UC grad Simon Todd is using his 2013 Fulbright New Zealand General Graduate Award to complete his PhD in Linguistics at Stanford University, California. He shares his experience with us here…
What are you specialising in for your PhD?
I am in my 4th year of study towards a PhD in Linguistics. My dissertation research concerns the connection between asymmetries in spoken word perception and asymmetries in rates of sound change in words of different frequencies.
I am combining computational modeling, psycholinguistic experimentation, and large-scale statistical analysis of the development of the New Zealand accent to show that common words are more easily understood than uncommon words when pronounced in an unusual manner, and that this can cause common words to exhibit changes in accent faster or slower than uncommon words (depending on the circumstances).
Why did you choose Stanford?
The only word to describe Stanford is “vibrant”, and I chose it because it seemed a great place to both study and live for five years. The Linguistics Department is small, so all of the students and faculty are in contact; this gives both a buzz of collaboration and a fun, supportive social environment, complete with weekly happy hour! The university is home to great resources for academic and personal life. And of course, California is beautiful, with constant blue skies, golden beaches, and forest hikes.
You are back at UC for a few months – what are you working on here?
I’m here working on my dissertation for three months. Because it involves a case study in New Zealand English, I have been lucky enough to get my undergrad advisor at the University of Canterbury on my dissertation committee, so I’m here under her supervision. We’re working together to complete the computational modelling component of the dissertation, which emerged from my work at NZILBB several years ago. I’ll also be collecting data from historical recordings of New Zealanders born between 1850 and the 1990s — the entire history of New Zealand English — which will feed into my dissertation as well.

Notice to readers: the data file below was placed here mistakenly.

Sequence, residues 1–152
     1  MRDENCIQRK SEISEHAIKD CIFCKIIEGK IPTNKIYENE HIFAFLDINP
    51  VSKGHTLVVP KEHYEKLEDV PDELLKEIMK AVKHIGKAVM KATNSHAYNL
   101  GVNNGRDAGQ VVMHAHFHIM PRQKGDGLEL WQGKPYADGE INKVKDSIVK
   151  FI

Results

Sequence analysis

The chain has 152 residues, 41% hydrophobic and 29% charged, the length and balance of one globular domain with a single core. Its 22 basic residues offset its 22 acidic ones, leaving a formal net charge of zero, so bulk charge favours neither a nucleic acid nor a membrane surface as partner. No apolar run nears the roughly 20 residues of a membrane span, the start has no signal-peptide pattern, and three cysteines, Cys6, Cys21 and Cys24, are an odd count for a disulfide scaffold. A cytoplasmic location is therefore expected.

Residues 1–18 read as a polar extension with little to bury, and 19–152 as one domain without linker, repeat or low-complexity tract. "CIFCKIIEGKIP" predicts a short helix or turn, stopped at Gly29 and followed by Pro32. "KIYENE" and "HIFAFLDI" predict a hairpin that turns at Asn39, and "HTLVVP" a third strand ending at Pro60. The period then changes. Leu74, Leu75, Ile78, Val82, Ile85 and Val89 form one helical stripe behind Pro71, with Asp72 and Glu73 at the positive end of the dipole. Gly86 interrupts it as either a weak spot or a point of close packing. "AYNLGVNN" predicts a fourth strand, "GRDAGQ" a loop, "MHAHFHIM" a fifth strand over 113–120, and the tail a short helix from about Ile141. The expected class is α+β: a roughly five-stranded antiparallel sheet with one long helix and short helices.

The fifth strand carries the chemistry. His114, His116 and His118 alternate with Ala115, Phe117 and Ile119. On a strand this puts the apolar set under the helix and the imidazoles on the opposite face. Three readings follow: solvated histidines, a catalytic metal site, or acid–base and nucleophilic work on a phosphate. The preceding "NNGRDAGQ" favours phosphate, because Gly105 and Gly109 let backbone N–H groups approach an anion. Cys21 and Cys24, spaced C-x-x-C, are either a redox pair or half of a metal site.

How did your undergraduate study prepare you for postgraduate in the US?
Studying both Linguistics and Mathematics gave me a firm foundation for both theory and methods that I made use of immediately in postgraduate classes, and doing an Honours degree and working at NZILBB gave me valuable research experience that let me independently and confidently pursue research from the start.
Please share some memorable moments of experiencing American life on your Fulbright exchange.
Thanksgiving. Stanford is very generous and gives us a whole week off for the Thanksgiving break. I usually visit family friends who live north of San Francisco. Thanksgiving is all about family and food, and I’ve been very lucky to experience the warm family environment, complete with turkey, gravy, cranberries, mashed potato, beans, biscuits (which are like scones), and pumpkin pie. It’s kind of like Christmas, just a month early and without presents.
4th of July. I went with some friends and my parents (when they were visiting) to a concert and fireworks to celebrate the 4th of July. It was a lot of fun, and really impressive to see how patriotic people were singing their national anthem and how much effort they had put into the display.
Football. In my first week at Stanford, I went to a football game. It’s basically a giant party, full of food, drink, and lots of cheering. It’s just as well, because the game itself moves really slowly — gameplay is about an hour, but stretches out to about four hours due to the constant stopping. Even torrential rain couldn’t put a damper on the fun-loving spirit infusing the stadium!
Have you connected with many other New Zealanders while you have been the US?
Yes. We have a network of 30+ New Zealanders at Stanford and we get together every year to celebrate various holidays with BBQs, such as Waitangi Day and ANZAC Day. Last year, we formalised the group into an official Stanford Student Association, which has enabled us to reach even more new students as they arrive.
I’ve also been fortunate to be involved with the Native American Cultural Center at Stanford, who host indigenous visitors including Ngāi Tahu every year for the First Nations Futures Program. This has given me a chance to connect with Māori culture in the US, which has been a great taste of home.
I have been in touch with about half a dozen of the Fulbright NZ cohort in my first year went to Stanford, and were instrumental in establishing the New Zealand community there. There is also an office for the Institute of International Education in San Francisco and they put on events for Fulbrighters from all countries; I’ve been to a few of these events and met interesting people from all over the world.
Please finish this sentence: International education is important because it connects us to a world of opportunities.
Fulbright New Zealand General Graduate Awards are for promising New Zealand graduate students to undertake postgraduate study or research at US institutions in any field. At least six awards valued at up to US$31,000 (plus $4,000 travel funding) are granted each year, towards one year of study or research in the US. Applications close 1 August annually.